One of the most well-intentioned artistic initiatives ever undertaken by the United States government has turned out to be among its least successful: the embassy design program meant to present America’s best architectural face abroad. The latest evidence of this effort’s often dispiriting outcome is the selection of the little-known Philadelphia firm of KieranTimberlake to create a new US embassy in London.
Planned for a derelict industrial site of almost five acres near the Thames in south-of-the-river Wandsworth, the project carries the astonishing price tag of $1 billion, and brings to mind an International Style corporate headquarters as well as a medieval castle keep. At first glance, this twelve-story cube-shaped structure recalls countless other glass-sheathed office buildings. However, upon closer inspection other associations predominate.
The embassy’s “ground” floor is elevated atop a bunker-like podium, the top of which is densely landscaped with grassy berms, trenches, and a water feature best described as a moat. The building’s square footprint, chunky massing, fortified perimeter, and relation to the river make it a twenty-first-century avatar of the Tower of London, several miles to the northeast on the opposite bank of the Thames.
The building’s exterior cladding of glass—a material often equated simplistically with governmental openness—is treated with polymer plastic to lessen its projectile force in case of explosion. Similarly, the undulating earthworks at the base of the tower are meant to deter the advance of truck bombers. Given the likelihood of another al-Qaeda assault on the capital city of America’s principal ally in the Iraq and Afghanistan wars, such defensive measures seem only prudent, but the extensive checklist of protective requirements included in the design brief clearly had an inhibiting effect on even the most gifted of the competition’s entrants.
The new legation building would replace Eero Saarinen’s US Embassy Chancery of 1955–1960, which occupies the entire west side of Grosvenor Square in north-of-the-river Mayfair. Whether intentionally or not, the modular, gridded elevations of KieranTimberlake’s project look like a stack-up of three Saarinen façades. (The old building has been sold for a reported $533 million to the government of Qatar, which plans to redevelop it into a hotel and apartments, but must retain the once-controversial, now-landmark street front.)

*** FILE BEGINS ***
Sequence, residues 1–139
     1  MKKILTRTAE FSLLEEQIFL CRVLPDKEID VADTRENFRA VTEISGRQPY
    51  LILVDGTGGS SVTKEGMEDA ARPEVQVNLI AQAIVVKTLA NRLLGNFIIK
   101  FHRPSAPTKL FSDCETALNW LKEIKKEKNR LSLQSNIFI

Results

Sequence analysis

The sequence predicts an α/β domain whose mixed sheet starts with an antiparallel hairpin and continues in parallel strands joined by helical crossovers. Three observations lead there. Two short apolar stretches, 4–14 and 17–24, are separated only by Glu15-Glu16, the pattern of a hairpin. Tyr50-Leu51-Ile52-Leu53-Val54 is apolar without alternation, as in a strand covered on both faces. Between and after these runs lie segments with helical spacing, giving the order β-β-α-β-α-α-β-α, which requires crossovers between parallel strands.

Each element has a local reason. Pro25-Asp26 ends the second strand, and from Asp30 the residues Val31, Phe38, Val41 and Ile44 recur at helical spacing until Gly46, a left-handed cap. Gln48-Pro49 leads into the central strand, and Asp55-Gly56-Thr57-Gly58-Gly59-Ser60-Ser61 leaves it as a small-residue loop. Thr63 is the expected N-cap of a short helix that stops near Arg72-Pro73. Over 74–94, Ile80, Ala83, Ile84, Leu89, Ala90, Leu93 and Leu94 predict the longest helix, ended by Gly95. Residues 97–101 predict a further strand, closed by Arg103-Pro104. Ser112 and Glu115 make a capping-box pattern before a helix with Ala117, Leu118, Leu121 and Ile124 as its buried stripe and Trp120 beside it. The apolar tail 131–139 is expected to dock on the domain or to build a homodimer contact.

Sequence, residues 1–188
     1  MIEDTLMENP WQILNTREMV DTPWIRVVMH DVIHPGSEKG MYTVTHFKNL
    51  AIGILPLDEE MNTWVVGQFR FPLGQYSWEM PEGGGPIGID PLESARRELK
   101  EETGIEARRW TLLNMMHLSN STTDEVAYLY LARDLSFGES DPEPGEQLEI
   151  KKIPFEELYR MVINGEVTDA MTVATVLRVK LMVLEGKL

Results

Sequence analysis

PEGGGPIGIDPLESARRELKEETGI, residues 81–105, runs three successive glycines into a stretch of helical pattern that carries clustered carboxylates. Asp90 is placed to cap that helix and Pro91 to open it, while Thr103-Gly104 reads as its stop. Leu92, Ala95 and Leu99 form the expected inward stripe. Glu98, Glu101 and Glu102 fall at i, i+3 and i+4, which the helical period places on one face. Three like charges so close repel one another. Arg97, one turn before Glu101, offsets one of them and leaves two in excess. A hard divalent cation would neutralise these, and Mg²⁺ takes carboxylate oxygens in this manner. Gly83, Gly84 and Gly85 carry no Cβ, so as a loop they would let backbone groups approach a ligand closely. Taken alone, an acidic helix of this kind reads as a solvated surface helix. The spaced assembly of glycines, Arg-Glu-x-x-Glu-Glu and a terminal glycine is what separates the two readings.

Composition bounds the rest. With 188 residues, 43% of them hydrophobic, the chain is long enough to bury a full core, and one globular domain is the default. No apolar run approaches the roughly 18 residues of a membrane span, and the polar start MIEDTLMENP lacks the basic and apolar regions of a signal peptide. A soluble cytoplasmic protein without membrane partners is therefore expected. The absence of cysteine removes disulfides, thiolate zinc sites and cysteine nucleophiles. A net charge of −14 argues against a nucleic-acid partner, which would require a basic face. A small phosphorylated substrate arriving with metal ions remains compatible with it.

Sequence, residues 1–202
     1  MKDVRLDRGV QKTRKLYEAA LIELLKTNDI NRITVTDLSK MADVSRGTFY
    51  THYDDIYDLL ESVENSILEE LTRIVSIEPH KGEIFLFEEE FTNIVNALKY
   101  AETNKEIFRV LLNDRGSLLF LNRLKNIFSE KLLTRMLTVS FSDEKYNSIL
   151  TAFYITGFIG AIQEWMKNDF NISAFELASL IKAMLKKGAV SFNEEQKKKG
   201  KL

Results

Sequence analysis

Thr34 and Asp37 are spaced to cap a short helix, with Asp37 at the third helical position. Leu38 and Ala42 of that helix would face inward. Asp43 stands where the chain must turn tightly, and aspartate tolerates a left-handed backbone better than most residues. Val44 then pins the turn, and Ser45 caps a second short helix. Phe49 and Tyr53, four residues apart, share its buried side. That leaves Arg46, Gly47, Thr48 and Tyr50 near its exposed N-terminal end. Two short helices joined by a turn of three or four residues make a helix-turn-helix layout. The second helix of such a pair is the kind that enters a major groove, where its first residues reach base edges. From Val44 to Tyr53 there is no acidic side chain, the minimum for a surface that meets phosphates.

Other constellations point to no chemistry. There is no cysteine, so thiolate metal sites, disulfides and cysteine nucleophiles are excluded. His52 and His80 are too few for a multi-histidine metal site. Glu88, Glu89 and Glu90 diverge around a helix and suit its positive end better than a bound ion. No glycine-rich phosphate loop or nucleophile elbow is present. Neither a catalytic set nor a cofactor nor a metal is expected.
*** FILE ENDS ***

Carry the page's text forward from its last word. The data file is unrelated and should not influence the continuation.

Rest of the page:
Saarinen’s Brutalist limestone intrusion, topped off with a garish gold sculpture of a screaming eagle, spoke as revealingly of America’s postwar hegemony as the mixed message of KieranTimberlake’s scheme does of our very different place in the world order fifty years later. Apart from the need for more office space, the old embassy’s locale was deemed to make it too inviting a target for terrorists, and thus prompted the move to a less populous neighborhood that could accommodate a setback of some one hundred feet for a buffering “blast zone.”
KieranTimberlake’s scheme was strongly opposed by the two British members of the seven-person design jury—the architect Richard Rogers and Peter Palumbo, a former chairman of the Arts Council of Great Britain. They were quickly joined by the mayor of London, Boris Johnson, and the government’s Commission for Architecture and the Built Environment, which initially announced that it could not approve the winning design.
According to The Guardian, Rogers and Palumbo “fought to the death” to keep their American fellow jurors from approving this entry, and instead pushed for the proposal by Thom Mayne of the Santa Monica firm Morphosis, which they maintain was “touched by genius.” Even though Mayne’s scheme is not nearly as fine as his magisterial Federal Office Building of 2000–2007 in San Francisco, it was indeed the best among four finalists, which also included Pei Cobb Freed & Partners’ tepid glass-skinned cross-braced ovoid and a confused neo-Constructivist composition by Richard Meier, which recalls the gigantic cash register pavilion at the 1939 New York Word’s Fair.